14th November, 2013
Clubs in the top two divisions of French football announced on Thursday that they have postponed a strike planned for the end of this month in protest at a soon-to-be-introduced 75 percent tax rate on high earners.
The UCPF, the union that represents France’s professional clubs, made the announcement after a meeting in Paris, meaning that games scheduled between Friday November 29 and Monday December 2 will now go ahead.
However, UCPF president Jean-Pierre Louvel added that the idea of a strike was “not cancelled” and action could still be taken if “negotiations on the 75 percent tax fail”.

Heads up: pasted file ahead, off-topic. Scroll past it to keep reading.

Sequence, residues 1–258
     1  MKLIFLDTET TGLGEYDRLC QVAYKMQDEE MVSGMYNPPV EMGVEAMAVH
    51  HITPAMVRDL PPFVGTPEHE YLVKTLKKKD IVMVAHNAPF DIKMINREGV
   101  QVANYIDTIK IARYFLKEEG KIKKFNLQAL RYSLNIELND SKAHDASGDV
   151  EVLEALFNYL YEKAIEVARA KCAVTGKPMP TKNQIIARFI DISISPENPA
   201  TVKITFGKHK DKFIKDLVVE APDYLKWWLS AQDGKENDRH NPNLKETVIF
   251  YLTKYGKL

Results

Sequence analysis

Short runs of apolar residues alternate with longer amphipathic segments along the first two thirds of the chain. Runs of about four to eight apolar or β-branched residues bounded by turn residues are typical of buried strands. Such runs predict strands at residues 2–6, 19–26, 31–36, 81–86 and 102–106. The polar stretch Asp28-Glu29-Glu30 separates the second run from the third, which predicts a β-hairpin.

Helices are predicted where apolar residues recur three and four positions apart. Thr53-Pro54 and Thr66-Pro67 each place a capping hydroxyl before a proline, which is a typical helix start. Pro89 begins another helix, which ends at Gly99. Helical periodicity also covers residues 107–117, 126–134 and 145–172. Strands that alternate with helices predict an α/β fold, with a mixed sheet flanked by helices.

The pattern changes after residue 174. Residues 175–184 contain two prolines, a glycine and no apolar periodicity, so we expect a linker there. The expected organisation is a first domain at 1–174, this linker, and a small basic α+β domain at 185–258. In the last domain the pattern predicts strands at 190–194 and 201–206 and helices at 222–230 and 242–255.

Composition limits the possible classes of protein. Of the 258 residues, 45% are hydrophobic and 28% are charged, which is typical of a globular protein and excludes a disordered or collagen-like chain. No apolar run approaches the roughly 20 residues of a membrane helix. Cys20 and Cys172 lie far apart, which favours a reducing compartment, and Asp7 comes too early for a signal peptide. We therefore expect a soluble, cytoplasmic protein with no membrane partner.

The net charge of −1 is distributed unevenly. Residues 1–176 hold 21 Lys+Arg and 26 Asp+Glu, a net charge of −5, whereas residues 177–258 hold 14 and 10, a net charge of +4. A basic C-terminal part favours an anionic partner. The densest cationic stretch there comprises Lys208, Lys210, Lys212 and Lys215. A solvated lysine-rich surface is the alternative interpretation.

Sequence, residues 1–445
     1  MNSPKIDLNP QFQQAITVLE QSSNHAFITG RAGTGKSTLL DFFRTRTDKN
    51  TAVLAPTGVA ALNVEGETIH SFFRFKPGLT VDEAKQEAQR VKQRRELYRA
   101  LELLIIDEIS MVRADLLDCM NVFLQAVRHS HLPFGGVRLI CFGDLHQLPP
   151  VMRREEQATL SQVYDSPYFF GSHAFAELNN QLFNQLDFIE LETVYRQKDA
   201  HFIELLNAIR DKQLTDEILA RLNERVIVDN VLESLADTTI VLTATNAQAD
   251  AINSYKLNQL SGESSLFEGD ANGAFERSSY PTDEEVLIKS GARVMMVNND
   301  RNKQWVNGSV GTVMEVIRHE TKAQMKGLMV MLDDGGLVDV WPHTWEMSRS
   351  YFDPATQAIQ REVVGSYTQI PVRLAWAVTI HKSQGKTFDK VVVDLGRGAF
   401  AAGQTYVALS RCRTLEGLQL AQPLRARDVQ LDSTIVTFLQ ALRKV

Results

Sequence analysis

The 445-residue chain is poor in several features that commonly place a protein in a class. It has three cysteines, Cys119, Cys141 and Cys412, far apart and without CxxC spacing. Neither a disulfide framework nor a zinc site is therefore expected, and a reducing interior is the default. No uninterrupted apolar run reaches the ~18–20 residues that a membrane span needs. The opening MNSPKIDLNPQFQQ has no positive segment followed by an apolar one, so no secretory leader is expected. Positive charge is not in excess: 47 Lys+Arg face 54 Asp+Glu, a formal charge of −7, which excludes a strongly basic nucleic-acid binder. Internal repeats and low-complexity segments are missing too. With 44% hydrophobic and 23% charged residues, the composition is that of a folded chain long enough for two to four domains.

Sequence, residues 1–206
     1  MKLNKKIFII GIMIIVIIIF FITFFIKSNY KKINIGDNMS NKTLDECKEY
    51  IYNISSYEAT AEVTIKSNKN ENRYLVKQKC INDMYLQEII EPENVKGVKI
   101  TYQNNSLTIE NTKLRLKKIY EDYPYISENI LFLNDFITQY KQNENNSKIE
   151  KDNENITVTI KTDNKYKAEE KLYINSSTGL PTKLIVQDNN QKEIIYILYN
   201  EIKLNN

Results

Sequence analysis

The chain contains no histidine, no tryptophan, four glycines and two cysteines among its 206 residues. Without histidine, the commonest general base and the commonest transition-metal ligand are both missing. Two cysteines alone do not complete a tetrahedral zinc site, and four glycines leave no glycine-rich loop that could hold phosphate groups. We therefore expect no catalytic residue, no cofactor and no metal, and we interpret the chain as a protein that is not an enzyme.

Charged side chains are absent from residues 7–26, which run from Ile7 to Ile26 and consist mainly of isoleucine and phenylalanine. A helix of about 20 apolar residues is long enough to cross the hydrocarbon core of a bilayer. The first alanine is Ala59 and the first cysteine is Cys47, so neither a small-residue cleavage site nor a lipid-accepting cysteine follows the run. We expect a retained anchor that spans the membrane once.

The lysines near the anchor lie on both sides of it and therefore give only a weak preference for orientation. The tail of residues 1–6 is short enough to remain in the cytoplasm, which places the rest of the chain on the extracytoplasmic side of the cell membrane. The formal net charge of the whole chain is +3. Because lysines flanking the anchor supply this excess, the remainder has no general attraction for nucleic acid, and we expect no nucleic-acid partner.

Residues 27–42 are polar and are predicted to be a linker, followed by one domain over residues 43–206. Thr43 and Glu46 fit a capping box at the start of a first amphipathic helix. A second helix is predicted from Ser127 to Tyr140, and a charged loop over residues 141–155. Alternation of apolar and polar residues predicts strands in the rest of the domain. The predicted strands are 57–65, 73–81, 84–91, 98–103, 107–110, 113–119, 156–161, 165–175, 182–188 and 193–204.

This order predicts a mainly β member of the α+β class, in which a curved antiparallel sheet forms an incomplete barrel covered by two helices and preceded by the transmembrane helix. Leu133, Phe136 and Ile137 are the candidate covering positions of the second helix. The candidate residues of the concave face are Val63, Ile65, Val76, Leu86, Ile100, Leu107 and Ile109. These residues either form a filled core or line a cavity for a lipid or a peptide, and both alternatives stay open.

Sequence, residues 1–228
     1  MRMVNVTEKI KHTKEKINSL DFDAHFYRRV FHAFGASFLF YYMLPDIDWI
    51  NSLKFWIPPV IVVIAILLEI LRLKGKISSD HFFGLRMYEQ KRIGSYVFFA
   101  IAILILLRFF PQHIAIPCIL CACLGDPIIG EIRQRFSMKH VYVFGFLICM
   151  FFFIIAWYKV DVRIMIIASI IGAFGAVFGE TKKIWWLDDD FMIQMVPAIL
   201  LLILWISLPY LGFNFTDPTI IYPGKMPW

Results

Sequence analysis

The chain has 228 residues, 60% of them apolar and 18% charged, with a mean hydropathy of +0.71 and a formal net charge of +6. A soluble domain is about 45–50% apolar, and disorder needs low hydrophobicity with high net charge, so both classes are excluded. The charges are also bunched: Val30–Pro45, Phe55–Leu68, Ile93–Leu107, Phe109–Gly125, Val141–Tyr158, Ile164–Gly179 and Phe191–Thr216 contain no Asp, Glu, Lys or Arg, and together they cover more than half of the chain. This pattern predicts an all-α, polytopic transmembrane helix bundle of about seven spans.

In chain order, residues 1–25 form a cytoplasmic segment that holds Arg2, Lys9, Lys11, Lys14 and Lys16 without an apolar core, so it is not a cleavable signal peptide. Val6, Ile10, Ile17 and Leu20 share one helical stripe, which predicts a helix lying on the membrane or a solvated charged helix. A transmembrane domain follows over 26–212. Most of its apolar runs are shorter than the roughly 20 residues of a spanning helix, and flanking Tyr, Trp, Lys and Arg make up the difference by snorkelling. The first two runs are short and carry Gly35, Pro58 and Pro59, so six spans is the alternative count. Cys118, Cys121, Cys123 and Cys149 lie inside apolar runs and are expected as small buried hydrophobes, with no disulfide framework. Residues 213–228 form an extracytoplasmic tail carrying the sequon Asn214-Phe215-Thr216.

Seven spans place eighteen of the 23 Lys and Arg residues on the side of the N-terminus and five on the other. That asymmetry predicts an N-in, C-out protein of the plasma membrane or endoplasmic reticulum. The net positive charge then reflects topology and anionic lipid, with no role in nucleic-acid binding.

The postponement is not a surprise, coming as it does after talks began on Wednesday evening between UCPF representatives and Socialist MP Jean Glavany at the headquarters of the French Football Federation in Paris.
The talks, described as “very constructive”, came after the clubs walked away empty-handed from a meeting last month with French President Francois Hollande, who refused to exempt them from the proposed new tax.
Glavany said on Wednesday evening that the government would “not go back on the principle” of the new tax but did raise the prospect of carrying out a study into how it could best be applied to football.
The new tax would see all earnings over one million euros ($1.34m, #837,000) taxed at 75 percent but it would be the clubs themselves who would be liable rather than their employees.
The clubs, who were unhappy that the tax would be applied to existing contracts rather than only to future ones, have said that the new levy would cost them a collective sum of more than 40 million euros.
The last football-related strike in France took place in 1972.